Monday, 21 Sep 2020

Brexit BONANZA: Boris urged to sign trade deal with Taiwan now free from ‘stagnant’ EU

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Now free from the EU, the UK is able to sign trade deals with states across the world. While an agreement with the EU still remains problematic, Martin Vickers, Tory MP for Cleethorpes and chair of the British-Taiwanese All-Party Parliamentary Group, urged the Prime Minister to look to rapidly growing economies such as Taiwan. Speaking to, Mr Vickers also praised the country for how it has handled the coronavirus pandemic.

He added: “Our prosperity depends on free trade, wherever possible, and everything that we can do to expand or increase free trade, then that’s going to be good for everyone.

“They’ve got a highly developed electronic industry routine, how remarkably well they’ve coped with the pandemic.

“I would think that it did nothing but good to come with a closer working relationship.

“If you’re looking to do deals with growing economies, then that’s got to be good for the future.

“I very much hope that we will strike trade deals with many more countries.”

Amid negotiations with Japan, Trade Secretary, Liz Truss has indicated the UK’s desire to join the Comprehensive and Progressive Agreement for Trans-Pacific Partnership (CPTPP).

The group is a trade agreement between 11 states including Singapore, Japan, New Zealand and Canada.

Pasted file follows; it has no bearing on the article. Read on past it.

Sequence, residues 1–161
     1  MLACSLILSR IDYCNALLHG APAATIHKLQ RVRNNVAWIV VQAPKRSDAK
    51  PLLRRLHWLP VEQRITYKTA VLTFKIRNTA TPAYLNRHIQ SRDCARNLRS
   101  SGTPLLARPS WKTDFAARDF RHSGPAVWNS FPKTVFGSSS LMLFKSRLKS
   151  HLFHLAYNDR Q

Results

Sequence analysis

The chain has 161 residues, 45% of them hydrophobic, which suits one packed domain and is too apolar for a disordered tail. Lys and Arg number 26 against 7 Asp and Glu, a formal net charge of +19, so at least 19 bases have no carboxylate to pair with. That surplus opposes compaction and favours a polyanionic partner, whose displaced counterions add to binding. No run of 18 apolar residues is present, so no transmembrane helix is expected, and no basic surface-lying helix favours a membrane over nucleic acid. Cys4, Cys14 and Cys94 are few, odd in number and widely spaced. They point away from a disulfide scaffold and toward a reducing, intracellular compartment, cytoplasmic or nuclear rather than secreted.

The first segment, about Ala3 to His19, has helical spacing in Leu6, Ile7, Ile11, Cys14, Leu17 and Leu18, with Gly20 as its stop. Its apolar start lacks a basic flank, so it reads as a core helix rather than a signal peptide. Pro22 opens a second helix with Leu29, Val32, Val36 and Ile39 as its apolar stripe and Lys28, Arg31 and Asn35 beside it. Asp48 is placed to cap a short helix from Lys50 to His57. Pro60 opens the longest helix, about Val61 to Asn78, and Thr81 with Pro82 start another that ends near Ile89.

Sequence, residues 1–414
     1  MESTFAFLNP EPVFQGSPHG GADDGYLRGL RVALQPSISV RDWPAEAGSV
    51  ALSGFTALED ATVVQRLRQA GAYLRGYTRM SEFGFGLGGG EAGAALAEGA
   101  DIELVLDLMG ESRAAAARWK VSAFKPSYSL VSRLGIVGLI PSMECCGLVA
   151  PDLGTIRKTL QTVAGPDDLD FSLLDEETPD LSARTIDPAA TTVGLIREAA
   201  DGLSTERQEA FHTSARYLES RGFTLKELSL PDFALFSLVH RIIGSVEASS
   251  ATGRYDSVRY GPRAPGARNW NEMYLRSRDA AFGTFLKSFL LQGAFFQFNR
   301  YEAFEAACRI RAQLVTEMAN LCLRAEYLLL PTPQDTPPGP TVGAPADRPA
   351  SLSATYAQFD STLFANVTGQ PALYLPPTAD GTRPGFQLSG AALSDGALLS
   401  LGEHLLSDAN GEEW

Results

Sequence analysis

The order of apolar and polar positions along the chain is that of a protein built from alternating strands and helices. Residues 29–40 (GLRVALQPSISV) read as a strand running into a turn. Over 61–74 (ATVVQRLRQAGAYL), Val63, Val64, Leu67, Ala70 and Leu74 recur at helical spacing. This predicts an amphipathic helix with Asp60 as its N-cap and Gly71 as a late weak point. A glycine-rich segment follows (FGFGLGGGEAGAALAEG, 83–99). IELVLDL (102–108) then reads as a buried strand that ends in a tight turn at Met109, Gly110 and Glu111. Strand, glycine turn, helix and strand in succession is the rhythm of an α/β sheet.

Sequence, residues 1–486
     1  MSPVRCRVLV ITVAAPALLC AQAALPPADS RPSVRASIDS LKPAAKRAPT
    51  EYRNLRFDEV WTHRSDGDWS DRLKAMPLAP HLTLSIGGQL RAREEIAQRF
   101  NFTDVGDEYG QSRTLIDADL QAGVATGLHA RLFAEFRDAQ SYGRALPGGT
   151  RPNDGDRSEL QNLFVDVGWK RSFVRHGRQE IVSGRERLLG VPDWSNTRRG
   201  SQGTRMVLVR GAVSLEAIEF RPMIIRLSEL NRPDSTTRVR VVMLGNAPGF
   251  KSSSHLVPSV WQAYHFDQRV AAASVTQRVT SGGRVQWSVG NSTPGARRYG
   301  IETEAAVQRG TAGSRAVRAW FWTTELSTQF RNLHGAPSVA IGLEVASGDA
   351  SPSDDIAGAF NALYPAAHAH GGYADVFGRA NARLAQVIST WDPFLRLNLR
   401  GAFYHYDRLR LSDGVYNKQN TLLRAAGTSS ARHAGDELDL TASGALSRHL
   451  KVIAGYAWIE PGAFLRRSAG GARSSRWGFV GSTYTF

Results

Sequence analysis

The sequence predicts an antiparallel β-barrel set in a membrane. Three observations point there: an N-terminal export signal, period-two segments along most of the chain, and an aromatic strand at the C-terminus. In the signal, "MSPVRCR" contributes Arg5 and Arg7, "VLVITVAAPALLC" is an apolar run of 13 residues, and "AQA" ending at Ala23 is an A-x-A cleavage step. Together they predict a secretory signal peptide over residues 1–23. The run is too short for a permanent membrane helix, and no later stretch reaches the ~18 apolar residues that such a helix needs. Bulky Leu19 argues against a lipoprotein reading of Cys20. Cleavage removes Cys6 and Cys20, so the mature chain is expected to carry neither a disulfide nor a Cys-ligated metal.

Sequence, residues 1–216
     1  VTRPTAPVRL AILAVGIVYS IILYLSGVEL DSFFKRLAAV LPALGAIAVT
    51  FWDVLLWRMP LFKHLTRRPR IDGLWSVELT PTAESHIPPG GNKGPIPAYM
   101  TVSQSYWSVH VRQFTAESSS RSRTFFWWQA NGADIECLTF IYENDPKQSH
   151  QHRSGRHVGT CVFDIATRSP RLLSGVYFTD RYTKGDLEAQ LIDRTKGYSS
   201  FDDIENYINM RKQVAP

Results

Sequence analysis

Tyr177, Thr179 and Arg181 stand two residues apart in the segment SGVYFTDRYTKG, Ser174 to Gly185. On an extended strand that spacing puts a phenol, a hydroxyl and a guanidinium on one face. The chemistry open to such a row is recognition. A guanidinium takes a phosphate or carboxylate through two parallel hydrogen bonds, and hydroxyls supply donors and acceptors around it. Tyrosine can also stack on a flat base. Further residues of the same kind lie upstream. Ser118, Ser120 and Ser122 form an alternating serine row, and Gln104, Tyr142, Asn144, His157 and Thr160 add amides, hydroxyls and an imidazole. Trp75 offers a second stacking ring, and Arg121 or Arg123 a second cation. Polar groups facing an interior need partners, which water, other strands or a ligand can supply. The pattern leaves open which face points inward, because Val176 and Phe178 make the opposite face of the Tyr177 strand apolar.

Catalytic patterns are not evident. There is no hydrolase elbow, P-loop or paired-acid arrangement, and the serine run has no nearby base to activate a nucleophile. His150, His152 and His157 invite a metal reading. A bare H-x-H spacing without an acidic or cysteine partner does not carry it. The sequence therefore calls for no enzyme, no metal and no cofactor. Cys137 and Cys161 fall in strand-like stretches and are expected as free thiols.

It also accounts for 13.5 percent of global GDP and reduces 95 percent of all tariffs on goods going between member states.

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If the UK does indeed join, it is hoped it will build on the £1billion worth of goods exported to the CPTPP already.

Like the UK, Taiwan is also beginning the process of joining the group and in comparison to economies within the CPTPP, it has the fifth-largest economy.

Mr Vickers added: “You only have to look at the list of countries that are involved to see that in the main they are expanding economies.

“This is one of the arguments in the time of the referendum.

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“The EU countries are stagnant in terms of the economy.”

According to Government statistics, UK-Taiwan trade grew to £6.6billion in 2018 although the Government does not recognise the state and has no diplomatic relations.

However, it is hoped a new bilateral trade agreement will increase this figure post-Brexit.

The state is also planning to increase its share in renewable energy sources and could forge strong links with the UK’s attempts to push for more green energy.

Last week, the UK agreed its first free trade deal with Japan and it is hoped this deal will increase trade by an estimated £15.2billion.

Speaking on the deal, Ms Truss said: “This is a historic moment for the UK and Japan as our first major post-Brexit trade deal.

“The agreement we have negotiated – in record time and in challenging circumstances – goes far beyond the existing EU deal, as it secures new wins for British businesses in our great manufacturing, food and drink, and tech industries.

“From our automotive workers in Wales to our shoemakers in the North of England, this deal will help build back better as we create new opportunities for people throughout the whole of the UK and help level up our country.”

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